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Bernie Sanders won big in Indiana so why did The New York Times relegate him to below its coverage of John Kasich?

"Kasich remains -- Sanders in Rebound," the Times's barely front page story Wednesday morning read


Sophia Tesfaye
May 4, 2016 8:55PM (UTC)

A little after noon on the East Coast and the New York Times' Wednesday front page is already outdated. No, not the near full cover image of newly "presumptive" Republican presidential nominee Donald Trump and his wife Meliana parading in front of adoring fans at Trump Tower after defeating his last remaining competitors in Indiana. "Trump Nears Nomination As Cruz Drops Out," the giant headlines read, and not to worry, Cruz remains out of the race after being rejected by Indiana conservatives on Tuesday.

"Kasich remains -- Sanders in Rebound," an afterthought of a third front page election story (the first two are devoted to Trump) read, referring to the third place finish of Republican presidential candidate John Kasich before the upset win of Democratic presidential candidate Bernie Sanders.

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Unfortunately for the Times, Kasich would go on to suspend his longshot bid to wrangle the nomination away from Trump at a contested convention only hours later:

As for its actual coverage of Sanders victory in Indiana, that didn't come until after two paragraphs devoted to the Republican race -- an undoubtedly historic race, to be sure -- and was sandwiched between two more mentions of Trump:

After months of sneering dismissals and expensive but impotent attacks from Republicans fearful of his candidacy, Mr. Trump is now positioned to clinch the required number of delegates for the nomination by the last day of voting on June 7. Facing only a feeble challenge from Gov. John Kasich of Ohio, Mr. Trump is all but certain to roll into the Republican convention in July with the party establishment’s official but uneasy embrace.

In the Democratic contest, Senator Bernie Sanders rebounded from a string of defeats to prevail in Indiana over Hillary Clinton, who largely abandoned the state after polls showed her faring poorly with the predominantly white electorate. But the outcome was not expected to significantly change Mrs. Clinton’s sizable lead in delegates needed to win the Democratic nomination.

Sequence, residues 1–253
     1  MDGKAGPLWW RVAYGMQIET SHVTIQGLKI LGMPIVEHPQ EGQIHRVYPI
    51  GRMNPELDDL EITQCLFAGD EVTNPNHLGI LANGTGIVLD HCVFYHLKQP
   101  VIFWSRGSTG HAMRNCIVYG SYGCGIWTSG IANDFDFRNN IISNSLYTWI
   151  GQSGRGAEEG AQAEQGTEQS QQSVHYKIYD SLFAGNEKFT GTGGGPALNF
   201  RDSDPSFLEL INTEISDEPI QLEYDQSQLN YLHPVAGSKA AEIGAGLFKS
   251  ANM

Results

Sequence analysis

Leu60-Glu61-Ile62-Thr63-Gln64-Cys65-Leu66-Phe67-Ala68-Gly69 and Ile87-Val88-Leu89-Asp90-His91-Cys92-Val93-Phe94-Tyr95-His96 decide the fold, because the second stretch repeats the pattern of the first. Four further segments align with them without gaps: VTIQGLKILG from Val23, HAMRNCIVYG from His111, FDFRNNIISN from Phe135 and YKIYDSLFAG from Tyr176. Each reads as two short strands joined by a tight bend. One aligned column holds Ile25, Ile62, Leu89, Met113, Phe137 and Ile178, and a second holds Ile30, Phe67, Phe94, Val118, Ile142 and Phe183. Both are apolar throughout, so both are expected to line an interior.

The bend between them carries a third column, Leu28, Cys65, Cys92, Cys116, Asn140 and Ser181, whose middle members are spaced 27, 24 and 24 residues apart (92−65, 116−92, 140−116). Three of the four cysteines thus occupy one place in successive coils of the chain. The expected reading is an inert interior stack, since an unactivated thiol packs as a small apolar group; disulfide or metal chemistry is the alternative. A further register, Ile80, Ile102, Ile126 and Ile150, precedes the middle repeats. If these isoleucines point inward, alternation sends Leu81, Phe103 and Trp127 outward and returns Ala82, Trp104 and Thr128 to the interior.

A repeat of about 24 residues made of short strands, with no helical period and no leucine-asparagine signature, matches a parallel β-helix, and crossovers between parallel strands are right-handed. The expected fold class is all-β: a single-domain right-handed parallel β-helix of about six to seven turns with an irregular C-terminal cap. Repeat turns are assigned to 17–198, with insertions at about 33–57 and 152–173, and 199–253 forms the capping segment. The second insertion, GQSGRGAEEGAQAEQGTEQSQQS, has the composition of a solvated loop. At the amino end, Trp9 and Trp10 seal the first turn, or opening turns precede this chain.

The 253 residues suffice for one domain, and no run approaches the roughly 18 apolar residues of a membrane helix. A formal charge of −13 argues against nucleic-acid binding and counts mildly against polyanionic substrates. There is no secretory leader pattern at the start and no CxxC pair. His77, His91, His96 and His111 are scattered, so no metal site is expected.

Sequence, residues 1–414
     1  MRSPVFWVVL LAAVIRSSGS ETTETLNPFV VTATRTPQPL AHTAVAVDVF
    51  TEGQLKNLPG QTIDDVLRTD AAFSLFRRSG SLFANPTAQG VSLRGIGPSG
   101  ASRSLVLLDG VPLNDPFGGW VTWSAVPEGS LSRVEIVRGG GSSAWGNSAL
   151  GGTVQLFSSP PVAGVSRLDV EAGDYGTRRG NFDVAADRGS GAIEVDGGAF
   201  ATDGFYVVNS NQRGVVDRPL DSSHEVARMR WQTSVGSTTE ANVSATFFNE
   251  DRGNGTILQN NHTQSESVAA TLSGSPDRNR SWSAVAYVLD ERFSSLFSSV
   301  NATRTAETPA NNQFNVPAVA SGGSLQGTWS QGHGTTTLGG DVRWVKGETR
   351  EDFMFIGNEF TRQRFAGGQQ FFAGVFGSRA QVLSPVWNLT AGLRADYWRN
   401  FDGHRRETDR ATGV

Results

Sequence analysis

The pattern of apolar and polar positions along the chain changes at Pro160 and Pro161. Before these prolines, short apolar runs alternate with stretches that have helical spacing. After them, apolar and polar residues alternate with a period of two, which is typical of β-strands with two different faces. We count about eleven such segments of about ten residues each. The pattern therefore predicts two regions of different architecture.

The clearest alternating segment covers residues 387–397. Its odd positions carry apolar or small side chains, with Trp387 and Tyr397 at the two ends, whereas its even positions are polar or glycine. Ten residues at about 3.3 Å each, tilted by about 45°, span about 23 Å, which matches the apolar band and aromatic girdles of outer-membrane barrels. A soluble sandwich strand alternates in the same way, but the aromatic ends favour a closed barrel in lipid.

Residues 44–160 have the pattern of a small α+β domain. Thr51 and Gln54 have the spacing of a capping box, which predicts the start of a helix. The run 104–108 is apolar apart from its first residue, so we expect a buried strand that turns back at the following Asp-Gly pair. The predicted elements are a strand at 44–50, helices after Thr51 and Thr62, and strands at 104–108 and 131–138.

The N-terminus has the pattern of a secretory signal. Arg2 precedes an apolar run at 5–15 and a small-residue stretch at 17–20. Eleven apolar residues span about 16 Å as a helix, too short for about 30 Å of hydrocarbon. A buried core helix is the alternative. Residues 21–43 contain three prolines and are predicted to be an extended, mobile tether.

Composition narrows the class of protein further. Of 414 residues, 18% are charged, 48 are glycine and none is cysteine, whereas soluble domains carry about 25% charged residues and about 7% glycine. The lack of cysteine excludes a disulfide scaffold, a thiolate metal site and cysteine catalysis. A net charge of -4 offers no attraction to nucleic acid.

Mr. Trump’s victory was an extraordinary moment in American political history: He is now on course to be the first standard-bearer of a party since Dwight D. Eisenhower, a five-star general and the commander of Allied Forces in Europe during World War II, who had not served in elected office.

Sanders was not brought back up until 14 grafs later, after yet more on Trump's historic takeover of the Republican nominating contest, alongside a vote of the 74-year-old candidate looking curmudgeonly -- hardly the coverage befitting the winner of a stunning upset.

While the Times did accurately report that "the Indiana results were an embarrassing reminder of [Clinton's] vulnerabilities," referring to Sanders winning Independents in the state by 73 percentage points and Clinton losing blue-collar white voters by 30 points, it misleadingly regurgitated Clinton campaign's spin about their chances in the state as fact:

While Mr. Sanders devoted three days to campaigning in Indiana and spent more than $1 million on television advertisements, Mrs. Clinton did not run any ads and spent only a day campaigning in the state, visiting the Indianapolis area.

Clinton advisers said they saw no point in spending a couple of million dollars on television advertising and campaign travel when Mrs. Clinton was likely to lose the state anyway: Its Democratic primary electorate includes a healthy share of independents and newly registered voters, demographics that have repeatedly favored Mr. Sanders.

That last part, about Clinton being likely to lose the state is simply not true. When Sanders won Indiana on Tuesday, he beat the polling averages by a wide margin. Clinton led state polls by about 7 percentage points before the Tuesday primary.

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Of course, this is not the first time Sanders defied polling to pull off a stunning upset. In Michigan, the Vermont senator trailed Clinton by 21 points in polls before winning the state primary.

And while Sanders remains locked out of clinching the Democratic presidential contest before the convention despite a slate of favorable states voting in coming weeks, his campaign is quick to point out that Clinton can't either without a major boost from superdelegates.


Sophia Tesfaye

Sophia Tesfaye is Salon's Deputy Politics Editor and resides in Washington, D.C. You can find her on Twitter at @SophiaTesfaye.

MORE FROM Sophia TesfayeFOLLOW @SophiaTesfaye

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Bernie Sanders Election 2016 Elections 2016 John Kasich Media Coverage The New York Times

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